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Barren Promise: The Hope and Heartache in Treating Infertility

Maureen McDonough Lyons

Examining the role of Preimplantation Genetic Diagnosis as an emerging infertility treatment from research, clinical, and personal perspectives.

Preimplantation Genetic Diagnosis (PGD) is a reproductive medicine technology that allows the genetic characteristics of embryos to be examined. Created through in vitro fertilization, embryos are grown in a Petri dish for three days, at which point they have eight cells. One cell is then removed from each embryo and tested for certain genetic characteristics. Based on the results, selected embryos are transferred into a woman’s uterus. Originally developed as a way to screen embryos for genetic disorders, PGD was used among a limited number of patients. More recently, however, some physicians and researchers have deemed PGD a useful infertility treatment. As a result, the number of people using PGD has increased every year since the technology was first developed in 1989. The role of PCGD as an emerging infertility treatment was examined from research, clinical, and personal perspectives. This was done through literature searches, interviews, laboratory observations, and attendance at infertility support meetings.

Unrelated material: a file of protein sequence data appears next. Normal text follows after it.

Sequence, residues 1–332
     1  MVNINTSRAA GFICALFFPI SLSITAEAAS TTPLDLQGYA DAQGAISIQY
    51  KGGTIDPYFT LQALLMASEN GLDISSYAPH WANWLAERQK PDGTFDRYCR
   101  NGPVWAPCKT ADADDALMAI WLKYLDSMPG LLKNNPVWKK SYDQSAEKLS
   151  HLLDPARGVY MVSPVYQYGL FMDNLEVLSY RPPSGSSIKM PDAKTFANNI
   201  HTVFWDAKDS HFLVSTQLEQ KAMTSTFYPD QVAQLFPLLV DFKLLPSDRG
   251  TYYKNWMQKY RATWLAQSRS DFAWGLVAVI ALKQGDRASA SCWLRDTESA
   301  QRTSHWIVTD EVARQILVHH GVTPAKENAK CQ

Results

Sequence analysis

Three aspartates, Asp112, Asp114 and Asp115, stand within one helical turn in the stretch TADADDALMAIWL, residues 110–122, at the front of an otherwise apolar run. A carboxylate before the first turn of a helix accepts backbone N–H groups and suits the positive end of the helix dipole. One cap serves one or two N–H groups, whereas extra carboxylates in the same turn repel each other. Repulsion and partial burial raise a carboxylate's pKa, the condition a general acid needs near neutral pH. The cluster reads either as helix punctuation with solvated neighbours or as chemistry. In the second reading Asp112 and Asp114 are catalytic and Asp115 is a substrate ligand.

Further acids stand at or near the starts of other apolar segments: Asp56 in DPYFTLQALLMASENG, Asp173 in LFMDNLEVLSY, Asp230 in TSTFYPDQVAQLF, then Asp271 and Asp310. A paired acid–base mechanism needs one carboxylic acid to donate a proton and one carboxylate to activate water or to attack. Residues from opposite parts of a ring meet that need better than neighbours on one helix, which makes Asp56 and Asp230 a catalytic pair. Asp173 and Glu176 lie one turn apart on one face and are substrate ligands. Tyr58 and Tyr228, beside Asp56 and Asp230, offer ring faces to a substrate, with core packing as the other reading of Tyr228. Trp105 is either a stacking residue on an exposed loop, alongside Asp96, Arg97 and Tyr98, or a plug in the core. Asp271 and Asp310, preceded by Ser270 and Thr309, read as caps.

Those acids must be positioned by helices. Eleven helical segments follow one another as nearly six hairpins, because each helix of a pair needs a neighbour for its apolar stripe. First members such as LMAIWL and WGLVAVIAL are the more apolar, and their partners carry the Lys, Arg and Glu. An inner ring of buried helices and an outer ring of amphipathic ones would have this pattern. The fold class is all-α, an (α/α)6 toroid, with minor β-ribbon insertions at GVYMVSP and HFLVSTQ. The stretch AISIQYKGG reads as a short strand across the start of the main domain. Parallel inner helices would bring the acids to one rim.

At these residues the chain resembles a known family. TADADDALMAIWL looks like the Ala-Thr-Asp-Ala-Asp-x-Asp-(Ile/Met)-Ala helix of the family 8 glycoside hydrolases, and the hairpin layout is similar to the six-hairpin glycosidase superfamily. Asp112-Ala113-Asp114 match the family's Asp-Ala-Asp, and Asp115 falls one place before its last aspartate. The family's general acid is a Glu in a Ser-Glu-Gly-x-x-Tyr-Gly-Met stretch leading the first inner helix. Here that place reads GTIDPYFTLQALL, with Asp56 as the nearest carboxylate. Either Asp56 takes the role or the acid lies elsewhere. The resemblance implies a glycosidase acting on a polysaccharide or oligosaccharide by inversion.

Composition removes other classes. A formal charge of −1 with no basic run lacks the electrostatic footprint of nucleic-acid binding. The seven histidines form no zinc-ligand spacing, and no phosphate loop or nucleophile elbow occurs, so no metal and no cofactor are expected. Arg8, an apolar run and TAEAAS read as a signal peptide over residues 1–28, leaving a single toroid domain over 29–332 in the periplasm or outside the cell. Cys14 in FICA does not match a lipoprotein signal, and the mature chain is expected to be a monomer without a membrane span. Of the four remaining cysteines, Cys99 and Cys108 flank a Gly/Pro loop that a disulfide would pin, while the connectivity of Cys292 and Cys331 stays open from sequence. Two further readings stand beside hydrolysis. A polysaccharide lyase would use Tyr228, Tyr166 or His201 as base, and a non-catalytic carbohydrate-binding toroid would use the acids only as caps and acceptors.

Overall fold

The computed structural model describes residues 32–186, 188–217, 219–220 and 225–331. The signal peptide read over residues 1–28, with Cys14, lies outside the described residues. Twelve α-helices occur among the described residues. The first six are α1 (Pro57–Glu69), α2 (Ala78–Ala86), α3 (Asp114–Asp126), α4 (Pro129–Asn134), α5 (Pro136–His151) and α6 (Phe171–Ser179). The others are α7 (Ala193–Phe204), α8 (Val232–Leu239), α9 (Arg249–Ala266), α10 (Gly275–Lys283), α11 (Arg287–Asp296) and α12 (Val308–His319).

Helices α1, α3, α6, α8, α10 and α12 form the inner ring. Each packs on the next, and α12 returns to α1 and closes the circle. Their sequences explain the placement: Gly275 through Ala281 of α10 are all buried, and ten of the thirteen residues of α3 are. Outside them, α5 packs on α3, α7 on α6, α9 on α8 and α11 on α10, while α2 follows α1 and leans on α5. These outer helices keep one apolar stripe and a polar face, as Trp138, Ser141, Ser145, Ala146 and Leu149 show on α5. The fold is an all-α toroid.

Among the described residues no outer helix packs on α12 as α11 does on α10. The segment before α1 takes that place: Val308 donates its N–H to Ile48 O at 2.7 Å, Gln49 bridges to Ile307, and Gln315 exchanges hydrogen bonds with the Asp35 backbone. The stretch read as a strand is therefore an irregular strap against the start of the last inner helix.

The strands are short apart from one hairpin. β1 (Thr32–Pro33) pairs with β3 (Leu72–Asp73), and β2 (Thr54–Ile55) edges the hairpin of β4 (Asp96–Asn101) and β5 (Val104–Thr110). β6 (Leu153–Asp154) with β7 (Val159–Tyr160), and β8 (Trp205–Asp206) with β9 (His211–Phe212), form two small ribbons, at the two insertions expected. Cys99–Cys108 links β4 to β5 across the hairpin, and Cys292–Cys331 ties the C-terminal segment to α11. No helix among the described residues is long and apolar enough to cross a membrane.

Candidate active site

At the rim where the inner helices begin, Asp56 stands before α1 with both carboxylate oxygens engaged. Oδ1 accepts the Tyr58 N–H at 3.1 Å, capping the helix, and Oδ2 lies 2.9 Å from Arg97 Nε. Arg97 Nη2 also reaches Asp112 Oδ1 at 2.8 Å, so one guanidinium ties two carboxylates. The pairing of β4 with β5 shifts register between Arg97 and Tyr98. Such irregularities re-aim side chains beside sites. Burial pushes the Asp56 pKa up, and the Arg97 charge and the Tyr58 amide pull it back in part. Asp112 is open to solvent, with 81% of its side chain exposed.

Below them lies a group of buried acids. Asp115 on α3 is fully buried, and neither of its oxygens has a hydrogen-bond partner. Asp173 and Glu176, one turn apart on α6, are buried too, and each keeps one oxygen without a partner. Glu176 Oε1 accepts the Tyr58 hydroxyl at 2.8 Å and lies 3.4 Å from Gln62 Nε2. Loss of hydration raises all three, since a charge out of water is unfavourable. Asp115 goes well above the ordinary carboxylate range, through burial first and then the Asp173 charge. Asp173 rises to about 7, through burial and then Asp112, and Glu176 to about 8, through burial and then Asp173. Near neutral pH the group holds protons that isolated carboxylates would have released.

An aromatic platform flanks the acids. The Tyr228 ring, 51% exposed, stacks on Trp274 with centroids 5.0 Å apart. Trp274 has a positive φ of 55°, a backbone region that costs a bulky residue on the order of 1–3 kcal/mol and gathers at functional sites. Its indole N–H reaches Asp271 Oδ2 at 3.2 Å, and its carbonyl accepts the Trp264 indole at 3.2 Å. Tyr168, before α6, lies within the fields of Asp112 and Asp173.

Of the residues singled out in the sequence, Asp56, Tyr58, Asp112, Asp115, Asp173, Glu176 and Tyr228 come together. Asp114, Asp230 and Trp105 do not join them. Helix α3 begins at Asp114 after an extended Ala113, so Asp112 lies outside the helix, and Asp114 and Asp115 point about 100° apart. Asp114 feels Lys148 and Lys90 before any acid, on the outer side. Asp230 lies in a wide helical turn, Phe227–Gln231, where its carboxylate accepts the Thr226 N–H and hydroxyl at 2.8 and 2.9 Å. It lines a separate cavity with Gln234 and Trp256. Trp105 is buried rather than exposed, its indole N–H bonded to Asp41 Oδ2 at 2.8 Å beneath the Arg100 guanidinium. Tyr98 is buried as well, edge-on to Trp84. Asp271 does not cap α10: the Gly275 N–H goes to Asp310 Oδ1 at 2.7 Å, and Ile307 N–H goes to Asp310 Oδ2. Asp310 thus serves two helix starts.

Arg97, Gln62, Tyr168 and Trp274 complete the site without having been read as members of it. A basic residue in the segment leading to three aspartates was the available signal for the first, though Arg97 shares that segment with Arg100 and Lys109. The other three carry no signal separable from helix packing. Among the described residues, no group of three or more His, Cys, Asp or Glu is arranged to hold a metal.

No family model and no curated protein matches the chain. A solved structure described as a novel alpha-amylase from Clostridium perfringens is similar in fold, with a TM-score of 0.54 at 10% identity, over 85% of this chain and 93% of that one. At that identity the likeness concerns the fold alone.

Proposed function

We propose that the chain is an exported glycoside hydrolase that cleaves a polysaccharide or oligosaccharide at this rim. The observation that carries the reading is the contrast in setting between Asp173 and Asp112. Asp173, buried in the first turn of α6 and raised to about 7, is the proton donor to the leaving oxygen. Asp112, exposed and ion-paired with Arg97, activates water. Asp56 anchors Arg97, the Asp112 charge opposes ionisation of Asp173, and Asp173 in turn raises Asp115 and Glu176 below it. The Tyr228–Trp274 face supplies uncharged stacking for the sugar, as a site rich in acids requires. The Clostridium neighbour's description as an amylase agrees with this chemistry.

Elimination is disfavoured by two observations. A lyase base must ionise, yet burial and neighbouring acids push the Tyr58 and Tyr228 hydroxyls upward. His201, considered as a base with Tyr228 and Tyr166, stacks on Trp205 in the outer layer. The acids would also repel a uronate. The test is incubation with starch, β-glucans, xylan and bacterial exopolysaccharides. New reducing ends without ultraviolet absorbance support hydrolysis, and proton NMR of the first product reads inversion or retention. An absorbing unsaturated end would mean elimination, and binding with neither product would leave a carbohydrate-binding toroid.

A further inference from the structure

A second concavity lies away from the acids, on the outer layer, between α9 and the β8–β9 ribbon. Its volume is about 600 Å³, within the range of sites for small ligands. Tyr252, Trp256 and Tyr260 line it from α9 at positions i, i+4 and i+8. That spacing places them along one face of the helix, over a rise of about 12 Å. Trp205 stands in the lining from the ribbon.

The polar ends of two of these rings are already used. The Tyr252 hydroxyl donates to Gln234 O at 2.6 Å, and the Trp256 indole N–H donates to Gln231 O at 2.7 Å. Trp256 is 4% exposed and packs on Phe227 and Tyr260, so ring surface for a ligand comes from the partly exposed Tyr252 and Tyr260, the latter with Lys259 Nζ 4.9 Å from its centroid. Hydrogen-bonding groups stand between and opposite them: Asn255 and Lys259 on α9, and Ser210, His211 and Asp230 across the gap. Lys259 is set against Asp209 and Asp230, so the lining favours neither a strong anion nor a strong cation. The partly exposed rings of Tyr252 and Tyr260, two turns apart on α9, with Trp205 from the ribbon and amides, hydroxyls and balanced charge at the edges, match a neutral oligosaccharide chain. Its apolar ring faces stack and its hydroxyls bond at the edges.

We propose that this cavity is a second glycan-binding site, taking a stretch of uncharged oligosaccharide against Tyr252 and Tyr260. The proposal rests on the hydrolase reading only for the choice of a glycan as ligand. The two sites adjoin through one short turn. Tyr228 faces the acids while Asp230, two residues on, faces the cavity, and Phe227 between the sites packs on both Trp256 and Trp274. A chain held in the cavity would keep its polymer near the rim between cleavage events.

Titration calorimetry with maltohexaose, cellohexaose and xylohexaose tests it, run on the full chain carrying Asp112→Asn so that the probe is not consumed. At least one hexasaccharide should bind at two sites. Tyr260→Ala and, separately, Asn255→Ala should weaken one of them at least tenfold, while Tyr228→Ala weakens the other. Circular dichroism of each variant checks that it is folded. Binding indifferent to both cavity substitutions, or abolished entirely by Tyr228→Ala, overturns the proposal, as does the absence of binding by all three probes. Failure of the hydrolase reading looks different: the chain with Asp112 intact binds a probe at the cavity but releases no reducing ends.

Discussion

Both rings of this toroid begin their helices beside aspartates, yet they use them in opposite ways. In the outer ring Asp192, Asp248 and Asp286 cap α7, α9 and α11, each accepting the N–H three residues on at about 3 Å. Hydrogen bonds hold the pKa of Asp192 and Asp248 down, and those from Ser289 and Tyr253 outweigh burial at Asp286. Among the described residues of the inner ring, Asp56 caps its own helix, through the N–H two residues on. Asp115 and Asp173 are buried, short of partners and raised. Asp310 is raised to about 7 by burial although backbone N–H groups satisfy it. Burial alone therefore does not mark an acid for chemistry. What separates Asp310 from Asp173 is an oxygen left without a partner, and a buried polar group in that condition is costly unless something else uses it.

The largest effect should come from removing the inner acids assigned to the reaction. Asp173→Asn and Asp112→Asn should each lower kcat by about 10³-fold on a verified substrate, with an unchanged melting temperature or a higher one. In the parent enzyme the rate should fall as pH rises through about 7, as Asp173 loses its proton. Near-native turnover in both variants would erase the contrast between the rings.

Maureen McDonough Lyons Written by Maureen McDonough Lyons